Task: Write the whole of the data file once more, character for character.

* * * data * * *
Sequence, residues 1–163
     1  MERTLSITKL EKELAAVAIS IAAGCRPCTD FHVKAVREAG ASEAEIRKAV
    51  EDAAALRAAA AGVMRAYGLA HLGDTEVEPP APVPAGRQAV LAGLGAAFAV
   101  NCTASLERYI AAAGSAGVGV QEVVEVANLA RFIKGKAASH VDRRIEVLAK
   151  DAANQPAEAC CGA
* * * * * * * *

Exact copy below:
Sequence, residues 1–163
     1  MERTLSITKL EKELAAVAIS IAAGCRPCTD FHVKAVREAG ASEAEIRKAV
    51  EDAAALRAAA AGVMRAYGLA HLGDTEVEPP APVPAGRQAV LAGLGAAFAV
   101  NCTASLERYI AAAGSAGVGV QEVVEVANLA RFIKGKAASH VDRRIEVLAK
   151  DAANQPAEAC CGA